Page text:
IOM Assists 142 Ethiopians Stranded in Djibouti to Return Home

By Staff reporter

IOM-UNOctober 13, 2019 ( -- In press statement the UN Migration Agency (IOM) said 142 stranded Ethiopians were assisted to safely and returned home from Djibouti on Tuesday, October 8, 2019.

The returnees who were en-route to the Kingdom of Saudi Arabia when they were stranded in Djibouti where smugglers abandoned them after robbing them of their money and possessions, leaving them with no means to continue their journey or return to Ethiopia.

Many of the stranded travelers were planning to go to Yemen, hoping to continue their journey to the Kingdom of Saudi Arabia to look for work.

However, things didn’t go as planned when travelers found themselves with no means to get to Yemen.

In the released reported, it was noted there was no boat to collect the travelers as promised by the smugglers.

According to IOM statement, the travelers ended up stranded and left on their own by the smugglers.

Based on the report from IOM, a total of 8,987 returnees who were stranded at various times were assisted to safe return in 2019.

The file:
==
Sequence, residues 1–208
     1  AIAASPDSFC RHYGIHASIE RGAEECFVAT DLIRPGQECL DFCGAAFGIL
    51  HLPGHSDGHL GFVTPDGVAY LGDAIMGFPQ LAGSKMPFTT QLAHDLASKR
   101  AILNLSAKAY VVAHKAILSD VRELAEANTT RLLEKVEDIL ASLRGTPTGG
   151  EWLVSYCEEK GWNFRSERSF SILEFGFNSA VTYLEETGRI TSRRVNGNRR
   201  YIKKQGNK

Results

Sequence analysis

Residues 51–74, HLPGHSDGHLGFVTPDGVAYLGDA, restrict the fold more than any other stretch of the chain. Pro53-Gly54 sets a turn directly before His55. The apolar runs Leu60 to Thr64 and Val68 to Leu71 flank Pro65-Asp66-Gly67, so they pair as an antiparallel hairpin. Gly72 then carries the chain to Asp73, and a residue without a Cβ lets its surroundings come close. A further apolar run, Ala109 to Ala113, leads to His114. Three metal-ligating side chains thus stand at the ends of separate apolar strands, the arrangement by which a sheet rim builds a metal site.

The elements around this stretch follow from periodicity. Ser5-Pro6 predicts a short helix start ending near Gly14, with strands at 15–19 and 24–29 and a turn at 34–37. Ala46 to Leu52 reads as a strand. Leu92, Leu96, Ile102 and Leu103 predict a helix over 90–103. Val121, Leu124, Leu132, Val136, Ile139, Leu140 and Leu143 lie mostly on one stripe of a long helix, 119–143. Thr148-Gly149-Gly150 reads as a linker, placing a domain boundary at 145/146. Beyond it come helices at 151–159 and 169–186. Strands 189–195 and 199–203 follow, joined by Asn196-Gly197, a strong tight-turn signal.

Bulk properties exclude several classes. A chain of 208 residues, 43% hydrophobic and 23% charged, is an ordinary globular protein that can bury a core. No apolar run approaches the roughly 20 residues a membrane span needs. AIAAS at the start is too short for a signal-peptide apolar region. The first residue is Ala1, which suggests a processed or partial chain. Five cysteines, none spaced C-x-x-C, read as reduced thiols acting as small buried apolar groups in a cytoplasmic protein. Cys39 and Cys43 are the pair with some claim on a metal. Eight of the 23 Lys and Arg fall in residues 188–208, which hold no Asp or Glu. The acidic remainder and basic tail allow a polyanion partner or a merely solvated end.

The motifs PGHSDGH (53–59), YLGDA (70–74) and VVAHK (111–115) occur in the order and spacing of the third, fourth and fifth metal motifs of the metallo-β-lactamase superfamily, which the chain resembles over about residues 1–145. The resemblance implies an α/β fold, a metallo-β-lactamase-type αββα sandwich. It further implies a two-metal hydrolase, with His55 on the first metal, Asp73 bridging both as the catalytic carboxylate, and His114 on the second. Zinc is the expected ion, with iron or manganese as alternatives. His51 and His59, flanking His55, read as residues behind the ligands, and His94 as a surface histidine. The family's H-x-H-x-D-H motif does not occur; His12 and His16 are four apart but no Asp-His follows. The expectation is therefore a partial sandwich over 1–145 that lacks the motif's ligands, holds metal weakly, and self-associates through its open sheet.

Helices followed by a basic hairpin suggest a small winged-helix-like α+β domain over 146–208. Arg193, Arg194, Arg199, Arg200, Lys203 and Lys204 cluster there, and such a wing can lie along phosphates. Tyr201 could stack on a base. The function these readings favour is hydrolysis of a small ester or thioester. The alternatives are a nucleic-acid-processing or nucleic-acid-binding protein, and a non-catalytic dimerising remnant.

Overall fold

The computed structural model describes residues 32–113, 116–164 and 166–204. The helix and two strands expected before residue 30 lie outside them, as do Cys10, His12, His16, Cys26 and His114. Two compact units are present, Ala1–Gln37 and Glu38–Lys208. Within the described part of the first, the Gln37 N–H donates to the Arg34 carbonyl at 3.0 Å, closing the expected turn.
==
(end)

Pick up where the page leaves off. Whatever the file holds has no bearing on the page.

The report also elaborates how IOM assisted 1,897 unaccompanied migrant children to safely return home, including many whose treacherous journeys brought them into the middle of the conflict in Yemen.

These returnees were assisted with accommodations at the IOM Emergency Migrant Response Centre in Djibouti and IOM Transit Centre in Addis Ababa, and were provided with transportation allowances so they could go home.

As smugglers continue to target young men in Ethiopia, more and more migrants have been lured to travel through irregular means.

IOM Ethiopia's Migration Management Unit Program Head, Malambo Moonga, said IOM carries out awareness raising sessions in areas that are prone to irregular migration, in addition to the support it gives to vulnerable returning migrants.

"In collaboration with the Ministry of Labour and Social Affairs, IOM was able to use awareness raising tools such as Community Conversations and reach out to more than five million people over the past five years,” the program head reported.

Despite these efforts, however, the number of Ethiopian migrants heading through the eastern route through irregular means continues to increase.

Mr. Moonga added that IOM also implements livelihood support activities in migration-prone communities.

“By providing additional livelihood options, we try to ensure that migration occurs as a choice and not as a necessity.” However, he admitted that the lack of funding for more livelihood programs has rendered these efforts challenging.  

The assistance provided to returnees from Djibouti on October 8 was made possible through the financial support from the Ministry of Foreign Affairs of Denmark.

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